“We rely on a lot of fundraising events because even though we keep costs low – it cost us £75 a head to bring the lads over this week – to the families of these boys, that’s a lot of money and more than they have lying around. We’re based in an area of London that would be very deprived in a socio-economic sense, so we’ve to work hard – but we’re committed to it, and we’re committed to taking the next steps as well”.
“I’m determined that we will travel over to Ireland for the Dermot Earley under-15 competition next year, and ultimately my goal is for these boys to play in the All-Ireland under-17 championships in three years’ time. By hook or by crook, I’ll make that happen.”
Even in the lower divisions, this was a wonderful Féile event for exile teams, with Warwickshire picking up the boys division 9 title while the San Francisco girls also came home with silverware. It’s clear that while the Irish diaspora abroad will always have a great love for gaelic football, there is also a huge appetite for the sport among those who get the chance to sample it for the first time.
“Primary Schools love it over here,” explained Paráic Maddock, one of the coaches of Gloucestershire, who finished second in their group in the division 7 cup, with two wins.
“We find that the teachers love it because rugby has got very physical and they’re worried about injury at a young age, while soccer is taken too seriously too quickly."
“Parents are getting wary and they’re looking for something different, so we go in and we put in place a six or eight week ABC programme and then hopefully it’s up to the clubs (of which there are three, one each in Swansea, Cardiff and Gloucester) to take over from there”.
With our chat taking place on the sun-drenched terrace in Corlough GAA grounds as they wait for their quarter-final clash with Shandonagh of Westmeath, one young player comes over to ask why the men in lab coats are here. Clearly umpires aren’t as common in Gloucestershire games, but when these young players take the field, their enthusiasm and love for the game shines through, even if they aren’t as used to all the trappings!
And it’s not just the sport – Maddock explained how getting into the squad for Féile was a huge goal for the young players, after their experience in Féile 2016 when they travelled to Tralee.
“Last year in Tralee was great and it made lads want to come back”.
“This year we were hosted by Ederney St. Joseph’s and they pulled out all the stops for us, the lads have had an incredible time. There were Irish dances and all sorts of other events laid on for us, and the whole thing has opened everyone’s eyes to how embedded the GAA culture is in Ireland.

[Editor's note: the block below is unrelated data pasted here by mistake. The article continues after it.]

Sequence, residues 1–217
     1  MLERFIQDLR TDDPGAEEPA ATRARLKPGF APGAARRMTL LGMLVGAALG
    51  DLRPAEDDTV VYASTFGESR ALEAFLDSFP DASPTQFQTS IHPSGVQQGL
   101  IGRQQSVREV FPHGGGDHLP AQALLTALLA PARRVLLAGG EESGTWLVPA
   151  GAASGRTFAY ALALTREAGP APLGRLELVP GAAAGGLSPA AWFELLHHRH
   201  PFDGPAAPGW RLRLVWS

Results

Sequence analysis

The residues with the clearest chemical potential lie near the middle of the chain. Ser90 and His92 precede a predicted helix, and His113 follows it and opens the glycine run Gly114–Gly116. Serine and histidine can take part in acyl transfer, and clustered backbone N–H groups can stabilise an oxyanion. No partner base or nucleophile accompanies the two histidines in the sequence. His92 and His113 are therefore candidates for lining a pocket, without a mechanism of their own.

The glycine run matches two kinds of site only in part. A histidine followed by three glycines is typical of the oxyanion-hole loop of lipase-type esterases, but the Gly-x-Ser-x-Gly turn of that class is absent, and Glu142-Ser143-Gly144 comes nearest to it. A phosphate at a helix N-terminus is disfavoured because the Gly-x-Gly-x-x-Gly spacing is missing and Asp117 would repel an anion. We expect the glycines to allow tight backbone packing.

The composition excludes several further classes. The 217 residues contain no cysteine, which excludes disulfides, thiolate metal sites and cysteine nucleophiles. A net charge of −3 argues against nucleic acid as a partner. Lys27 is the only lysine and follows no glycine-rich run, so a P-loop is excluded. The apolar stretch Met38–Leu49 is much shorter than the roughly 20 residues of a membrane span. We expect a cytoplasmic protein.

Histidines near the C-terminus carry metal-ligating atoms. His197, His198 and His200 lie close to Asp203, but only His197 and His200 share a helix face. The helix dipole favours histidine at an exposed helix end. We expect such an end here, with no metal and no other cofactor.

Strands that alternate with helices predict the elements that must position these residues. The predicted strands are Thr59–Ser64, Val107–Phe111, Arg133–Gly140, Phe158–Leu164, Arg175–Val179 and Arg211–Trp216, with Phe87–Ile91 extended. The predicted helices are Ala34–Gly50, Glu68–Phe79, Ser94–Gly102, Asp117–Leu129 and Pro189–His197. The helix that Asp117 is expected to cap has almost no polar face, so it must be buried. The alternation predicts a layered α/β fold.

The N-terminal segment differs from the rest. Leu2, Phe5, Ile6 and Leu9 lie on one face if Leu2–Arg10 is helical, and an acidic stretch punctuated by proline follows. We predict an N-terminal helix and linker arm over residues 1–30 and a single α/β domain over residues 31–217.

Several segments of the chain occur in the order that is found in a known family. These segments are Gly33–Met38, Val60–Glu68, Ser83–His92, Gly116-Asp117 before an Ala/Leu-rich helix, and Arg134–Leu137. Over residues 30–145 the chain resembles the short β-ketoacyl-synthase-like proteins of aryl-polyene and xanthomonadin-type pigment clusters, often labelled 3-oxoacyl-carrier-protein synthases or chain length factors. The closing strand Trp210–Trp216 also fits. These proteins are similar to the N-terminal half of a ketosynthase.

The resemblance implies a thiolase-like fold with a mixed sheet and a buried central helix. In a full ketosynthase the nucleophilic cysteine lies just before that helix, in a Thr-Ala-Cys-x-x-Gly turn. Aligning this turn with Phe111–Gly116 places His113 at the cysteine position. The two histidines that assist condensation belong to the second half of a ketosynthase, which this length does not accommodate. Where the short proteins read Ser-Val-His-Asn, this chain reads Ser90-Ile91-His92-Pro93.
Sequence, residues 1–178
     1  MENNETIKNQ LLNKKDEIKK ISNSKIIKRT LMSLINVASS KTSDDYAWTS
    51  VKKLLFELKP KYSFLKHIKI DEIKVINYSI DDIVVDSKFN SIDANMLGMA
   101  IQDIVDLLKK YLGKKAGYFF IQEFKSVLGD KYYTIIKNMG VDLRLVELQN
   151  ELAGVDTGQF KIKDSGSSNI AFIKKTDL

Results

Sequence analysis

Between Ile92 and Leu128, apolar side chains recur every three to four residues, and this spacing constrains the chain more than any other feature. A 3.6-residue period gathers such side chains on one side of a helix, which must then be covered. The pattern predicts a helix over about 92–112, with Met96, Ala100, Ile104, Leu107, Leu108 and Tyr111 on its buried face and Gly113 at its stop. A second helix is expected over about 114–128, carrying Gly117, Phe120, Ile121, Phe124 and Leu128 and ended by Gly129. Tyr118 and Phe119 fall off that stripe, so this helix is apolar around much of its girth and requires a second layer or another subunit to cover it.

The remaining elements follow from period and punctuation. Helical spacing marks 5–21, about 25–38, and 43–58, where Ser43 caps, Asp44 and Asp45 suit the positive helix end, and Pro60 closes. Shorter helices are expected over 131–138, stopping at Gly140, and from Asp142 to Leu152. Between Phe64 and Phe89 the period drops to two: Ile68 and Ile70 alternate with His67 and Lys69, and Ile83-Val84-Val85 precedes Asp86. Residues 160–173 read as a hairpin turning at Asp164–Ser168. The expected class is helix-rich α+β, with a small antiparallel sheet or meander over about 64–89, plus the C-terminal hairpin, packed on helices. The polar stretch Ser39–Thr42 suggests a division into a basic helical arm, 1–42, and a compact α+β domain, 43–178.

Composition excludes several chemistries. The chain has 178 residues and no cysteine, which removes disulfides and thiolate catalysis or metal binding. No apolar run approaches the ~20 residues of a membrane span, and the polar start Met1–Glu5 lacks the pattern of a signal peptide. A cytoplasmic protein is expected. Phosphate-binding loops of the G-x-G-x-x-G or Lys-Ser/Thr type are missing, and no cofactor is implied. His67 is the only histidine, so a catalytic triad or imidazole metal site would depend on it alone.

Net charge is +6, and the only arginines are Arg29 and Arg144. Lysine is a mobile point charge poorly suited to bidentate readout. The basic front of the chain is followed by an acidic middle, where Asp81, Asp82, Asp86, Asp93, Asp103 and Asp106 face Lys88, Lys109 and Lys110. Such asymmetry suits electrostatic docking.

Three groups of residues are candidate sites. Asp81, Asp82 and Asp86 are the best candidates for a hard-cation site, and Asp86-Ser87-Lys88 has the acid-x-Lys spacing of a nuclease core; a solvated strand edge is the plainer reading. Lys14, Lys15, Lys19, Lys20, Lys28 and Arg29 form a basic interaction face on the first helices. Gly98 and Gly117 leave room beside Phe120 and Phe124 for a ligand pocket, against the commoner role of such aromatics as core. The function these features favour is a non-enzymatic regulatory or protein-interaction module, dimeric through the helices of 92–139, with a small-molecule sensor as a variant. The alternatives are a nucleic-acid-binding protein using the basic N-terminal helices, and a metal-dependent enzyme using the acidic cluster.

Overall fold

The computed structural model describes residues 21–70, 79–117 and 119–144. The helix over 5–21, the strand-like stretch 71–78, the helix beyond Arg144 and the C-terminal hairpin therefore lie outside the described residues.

"They come from rugby heartlands but they come here to see how there are great facilities in every village, to be part of an event like Féile which is truly unique, and it leaves them with memories that will last them for life.
“And hopefully, it’ll foster in them a love of the game and we can get more families on board, because that’s what we’re all about – building community links to grow clubs and strengthen the game that way”.
John West Féile Final Results
Boys Division 1 Cup: New York 3-7 Portlaoise 0-2
Boys Division 1 Shield: Gowna 3-8 St. Broughan’s 3-7
Boys Division 2 Cup: South London 2-8 St. Gabriel’s 3-3
Boys Division 2 Shield: Ballyhaise 5-7 Cremartin 4-3
Boys Division 3 Cup: Castleknock 4-5 Mungret St. Paul’s 0-4
Boys Division 3 Shield: Mayobridge 1-11 Emyvale 1-7
Boys Division 4 Cup: St Joseph’s Doora-Barefield 1-5 O’Raghallaighs 1-3
Boys Division 4 Shield: Killinkere 3-6 Clontibret O’Neills 0-4
Boys Division 5 Cup: Dicksboro 1-12 Buttevant 2-4
Boys Division 5 Shield: Fr. Prendergast Gaels 7-9 Belturbet Rory O’Moore’s 1-1
Boys Division 6 Cup: St. Nicholas 3-12 Graiguecullen 0-3
Boys Division 6 Shield: Wolfe Tones 1-7 Laragh United 0-3
Boys Division 7 Cup: St. Mogue’s Fethard 3-4 Glencar-Manorhamilton 1-3
Boys Division 7 Shield: St. Ciarán’s 3-2 St. Mary’s-Kiltoghert 1-5
Boys Division 8 Cup: Cappamore 0-6 Lissycasey 1-0
Boys Division 8 Shield: St. Finbar’s 3-6 Devenish St. Mary’s 2-6
Boys Division 9 Cup: Warwickshire 1-7 Ballivor 1-1
Boys Division 9 Shield: St. Joseph’s 2-3 Naomh Bríd 1-1
Boys Division 10 Cup: Currow 2-10 Clann na Banna 0-5
Boys Division 10 Shield: Killererin 1-2 Lámh Dearg 1-0
Girls Division 1 Cup: Glanmire 2-7 Castlerahan/Denn 1-0
Girls Division 1 Shield: Killygarry 5-2 Westport 1-3
Girls Division 2 Cup: Kilkenny City 3-4 New York 1-3
Girls Division 2 Shield: Galtee Rovers 3-7 Kingscourt 0-3
Girls Division 3 Cup: St. Joseph’s Doora-Barefield 3-1 Fr. Casey’s 1-4
Girls Division 3 Shield: Lurgan 2-9 Arva/Killeshandra 0-0
Girls Division 4 Cup: St. Ergnat’s Moneyglass 3-7 Steelstown Brian Óg’s 0-1
Girls Division 4 Shield: Naomh Eoin 2-5 Cornafean 1-2
Girls Division 5 Cup: San Francisco 3-5 Ballinascreen 1-3
Girls Division 5 Shield: Geraldines 7-11 Killinkere 0-1
Girls Division 6 Cup: Knockbride 6-1 Balyna 3-4
Girls Division 6 Shield: London 1-3 St. John Bosco 0-4